This paper explores a crucial aspect of sustainable mobility: the production of social inequality in mobility systems. The approach taken is to focus on how, as new transit infrastructures create alternative ways of travelling into and accessing the city, they create changed conditions
for the formation of subject identities. New types of travellers are realized in the newly engineered spaces of mobility. The paper argues that this focus on emergent mobile subject types can be useful in investigating the social inequalities that can result from the introduction of new infrastructures.
This approach is illustrated in a case study of one urban transit system: the BTS Sky Train, Bangkok, Thailand. The analysis reveals the subtle hegemony of an elite mobility system that slowly becomes not only the norm but increasingly the desired mode of mobility, emphasizing how mobile elites
are constructed and how social inequality is materially produced.
Built Environment is published quarterly in March, June, September and December. With an emphasis on crossing disciplinary boundaries and providing global perspective, each issue focuses on a single subject of contemporary interest to practitioners, academics and students working in a wide range of disciplines. Issues are guest-edited by established international experts who not only commission contributions, but also oversee the peer-reviewing process in collaboration with the Editors.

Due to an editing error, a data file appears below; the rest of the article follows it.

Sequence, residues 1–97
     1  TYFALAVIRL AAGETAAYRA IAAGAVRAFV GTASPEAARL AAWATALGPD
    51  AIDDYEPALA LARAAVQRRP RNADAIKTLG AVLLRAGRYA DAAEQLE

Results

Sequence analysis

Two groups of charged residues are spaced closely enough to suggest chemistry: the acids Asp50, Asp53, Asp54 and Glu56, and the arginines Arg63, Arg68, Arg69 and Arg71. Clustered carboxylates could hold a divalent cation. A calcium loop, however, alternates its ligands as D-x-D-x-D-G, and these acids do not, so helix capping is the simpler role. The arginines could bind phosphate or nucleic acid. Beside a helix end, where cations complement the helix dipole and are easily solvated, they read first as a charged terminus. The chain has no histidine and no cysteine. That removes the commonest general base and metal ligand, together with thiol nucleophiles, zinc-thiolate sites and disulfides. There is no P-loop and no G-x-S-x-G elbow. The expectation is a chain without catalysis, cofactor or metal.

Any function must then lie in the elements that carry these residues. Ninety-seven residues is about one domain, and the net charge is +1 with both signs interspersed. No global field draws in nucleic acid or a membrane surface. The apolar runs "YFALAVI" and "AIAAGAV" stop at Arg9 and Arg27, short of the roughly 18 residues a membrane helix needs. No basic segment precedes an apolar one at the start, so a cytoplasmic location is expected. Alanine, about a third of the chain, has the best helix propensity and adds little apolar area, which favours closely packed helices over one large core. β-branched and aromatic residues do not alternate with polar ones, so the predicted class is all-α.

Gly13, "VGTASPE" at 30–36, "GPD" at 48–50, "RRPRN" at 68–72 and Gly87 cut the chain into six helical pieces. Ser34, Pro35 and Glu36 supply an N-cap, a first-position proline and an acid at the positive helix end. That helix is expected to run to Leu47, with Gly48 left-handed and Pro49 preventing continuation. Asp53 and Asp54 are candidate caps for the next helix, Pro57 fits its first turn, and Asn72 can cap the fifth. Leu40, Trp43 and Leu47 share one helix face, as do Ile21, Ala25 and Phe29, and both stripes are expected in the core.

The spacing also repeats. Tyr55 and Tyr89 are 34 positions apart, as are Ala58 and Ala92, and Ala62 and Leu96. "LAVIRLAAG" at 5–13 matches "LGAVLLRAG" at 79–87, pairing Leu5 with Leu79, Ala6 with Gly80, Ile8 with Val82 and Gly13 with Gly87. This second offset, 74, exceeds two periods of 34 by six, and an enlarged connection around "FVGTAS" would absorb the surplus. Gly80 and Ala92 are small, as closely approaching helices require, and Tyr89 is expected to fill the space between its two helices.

Subject areas include: architecture; conservation; economic development; environmental planning; health; housing; regeneration; social issues; spatial planning; sustainability; urban design; and transport. All issues include reviews of recent publications.
The journal is abstracted in Geo Abstracts, Sage Urban Studies Abstracts, and Journal of Planning Literature, and is indexed in the Avery Index to Architectural Publications.